Kubernetes Deployments Overview

Updated 3 months ago by Michael Cretzman

This topic describes the concept of a Harness Kubernetes deployment by describing the high-level steps involved.

For a quick tutorial, see the Kubernetes Quickstart tutorial.

For detailed instructions on using Kubernetes in Harness, see the Kubernetes How-tos.

This guide covers new Harness Kubernetes Deployment Version 2 features. For Version 1 Kubernetes and Helm deployment features, see Harness Kubernetes v1 FAQ.

Before You Begin

Before learning about Harness Kubernetes deployments, you should have an understanding of Harness Key Concepts.

What Does Harness Need Before You Start?

A Harness Kubernetes deployment requires the following:

  1. Artifact: For example, a Docker image of NGINX from Docker Hub.
  2. Kubernetes cluster: You will need a target cluster for your application and the Harness Delegate, and your Kubernetes workloads. A Kubernetes Delegate requires at least 8GB RAM, and so your cluster should have enough RAM to host the Delegate and your applications and workloads.

What Does Harness Deploy?

Harness takes the artifacts and Kubernetes manifests you provide and deploys them to the target Kubernetes cluster. You can simply deploy Kubernetes objects via manifests and you can provide manifests using remote sources and Helm charts.

In Harness, a workload is a Deployment, StatefulSet, or DaemonSet object deployed and managed to steady state. For Rolling Update deployments, you can deploy multiple managed workloads. For Canary and Blue/Green Workflow deployments, only one managed object may be deployed per Workflow by default. You can deploy additional objects using the Apply Step, but it is typically used for deploying Jobs controllers. See Apply Step in Deploy Manifests Separately using Apply Step.

What Does a Harness Kubernetes Deployment Involve?

The following list describes the major steps of a Harness Kubernetes deployment:

Step

Name

Description and Links

1

Install the Harness Kubernetes Delegate in your Kubernetes cluster. 

Typically, the Kubernetes Delegate is installed in the target cluster where you will deploy your application(s).

See Connect to Your Target Kubernetes Platform.

2

Add a Harness Artifact Server.

Add a Harness Artifact Server. For example, a Docker Registry Artifact Server that connects to the Docker registry where your Docker images are located, or the public Docker Hub.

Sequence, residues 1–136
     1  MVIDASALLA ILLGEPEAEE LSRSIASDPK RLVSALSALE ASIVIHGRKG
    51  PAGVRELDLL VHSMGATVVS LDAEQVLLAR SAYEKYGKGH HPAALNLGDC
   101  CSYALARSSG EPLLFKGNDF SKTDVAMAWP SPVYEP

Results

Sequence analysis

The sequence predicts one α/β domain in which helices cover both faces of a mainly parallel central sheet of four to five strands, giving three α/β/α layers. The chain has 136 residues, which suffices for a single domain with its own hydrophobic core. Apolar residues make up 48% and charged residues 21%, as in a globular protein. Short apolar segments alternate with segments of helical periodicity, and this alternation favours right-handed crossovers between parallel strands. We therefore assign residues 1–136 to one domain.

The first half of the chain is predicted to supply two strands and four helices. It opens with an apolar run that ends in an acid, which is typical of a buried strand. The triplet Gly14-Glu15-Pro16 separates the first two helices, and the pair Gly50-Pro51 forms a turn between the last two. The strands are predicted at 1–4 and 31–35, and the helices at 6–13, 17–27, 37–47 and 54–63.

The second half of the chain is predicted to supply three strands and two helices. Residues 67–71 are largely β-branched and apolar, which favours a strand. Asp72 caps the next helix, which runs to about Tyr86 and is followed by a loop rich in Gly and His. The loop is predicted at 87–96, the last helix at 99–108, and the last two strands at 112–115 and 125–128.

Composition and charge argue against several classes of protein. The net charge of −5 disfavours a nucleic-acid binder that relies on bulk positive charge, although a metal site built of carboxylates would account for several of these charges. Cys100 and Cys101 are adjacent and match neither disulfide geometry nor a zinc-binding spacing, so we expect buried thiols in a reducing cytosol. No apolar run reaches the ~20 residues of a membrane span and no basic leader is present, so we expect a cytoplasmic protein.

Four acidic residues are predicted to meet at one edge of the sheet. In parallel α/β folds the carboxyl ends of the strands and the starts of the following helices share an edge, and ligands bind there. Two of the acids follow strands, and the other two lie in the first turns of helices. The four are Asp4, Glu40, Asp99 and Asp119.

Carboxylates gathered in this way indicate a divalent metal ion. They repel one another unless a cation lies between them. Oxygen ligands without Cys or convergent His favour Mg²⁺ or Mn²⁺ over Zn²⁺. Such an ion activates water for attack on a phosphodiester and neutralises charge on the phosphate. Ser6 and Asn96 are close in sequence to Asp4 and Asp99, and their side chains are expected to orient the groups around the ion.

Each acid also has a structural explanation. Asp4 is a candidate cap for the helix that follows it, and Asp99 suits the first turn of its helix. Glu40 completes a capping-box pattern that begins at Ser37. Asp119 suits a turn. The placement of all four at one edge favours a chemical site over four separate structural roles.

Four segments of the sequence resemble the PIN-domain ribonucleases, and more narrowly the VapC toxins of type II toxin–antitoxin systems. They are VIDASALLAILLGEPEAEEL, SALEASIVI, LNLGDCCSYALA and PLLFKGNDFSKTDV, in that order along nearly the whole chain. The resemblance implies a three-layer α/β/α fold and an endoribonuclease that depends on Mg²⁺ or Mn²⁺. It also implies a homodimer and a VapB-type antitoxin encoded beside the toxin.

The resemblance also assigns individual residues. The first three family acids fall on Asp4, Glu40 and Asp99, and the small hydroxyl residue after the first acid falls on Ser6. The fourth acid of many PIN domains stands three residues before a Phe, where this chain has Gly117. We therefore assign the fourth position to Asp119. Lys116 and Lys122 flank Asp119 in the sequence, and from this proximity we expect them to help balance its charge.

See Add Container Images for Kubernetes Deployments.

3

Add a Cloud Provider.

A Cloud Provider is a connection to your Kubernetes cluster.

You can add a Kubernetes Cluster Cloud Provider (recommended) or a Cloud Provider for the cloud platform where the cluster is hosted, such as a Google Cloud Platform Cloud Provider. A Kubernetes Cluster Cloud Provider will connect to any cluster on any platform.

In you use a Kubernetes Cluster Cloud Provider, you can use the Delegate installed in your cluster for authentication.

See Connect to Your Target Kubernetes Platform.

4

Create the Harness Application for your Kubernetes CD Pipeline.

The Harness Application represents a group of microservices, their deployment pipelines, and all the building blocks for those pipelines. Harness represents your release process using a logical group of one or more entities: Services, Environments, Workflows, Pipelines, Triggers, and Infrastructure Provisioners. Applications organize all of the entities and configurations in Harness CD.

See Application Components.

5

Create the Harness Service using the Kubernetes Deployment Type.

Add your Kubernetes manifests and any config variables and files.

See Define Kubernetes Manifests.

6

Create the Harness Environment and Infrastructure Definition for your target Kubernetes clusters, and any overrides.

Using the Harness Cloud Provider you set up, you can select the target Kubernetes cluster and namespace for your deployment.

You can also override any Service settings, such as manifest values. This enables you to use a single Service with multiple Harness Environments.

See Define Your Kubernetes Target Infrastructure.

7

Create the Canary, Blue/Green, or Rollout deployment Harness Workflow.

The Workflow deploys the artifact(s) and Kubernetes workloads defined in the Harness Service to the cluster and namespace in the Harness Infrastructure Definition.

See:

8

Deploy the Workflow.

Once you've deployed a Workflow, learn how to improve your Kubernetes CD:

In Harness, a workload is a Deployment, StatefulSet, or DaemonSet object deployed and managed to steady state. For Rolling Update deployments, you can deploy multiple managed workloads. For Canary and Blue/Green Workflow deployments, only one managed object may be deployed per Workflow by default. You can deploy additional objects using the Apply Step, but it is typically used for deploying Jobs controllers. See Apply Step in  Deploy Manifests Separately using Apply Step.

Next Steps

Read the following topics to build on what you've learned:


How did we do?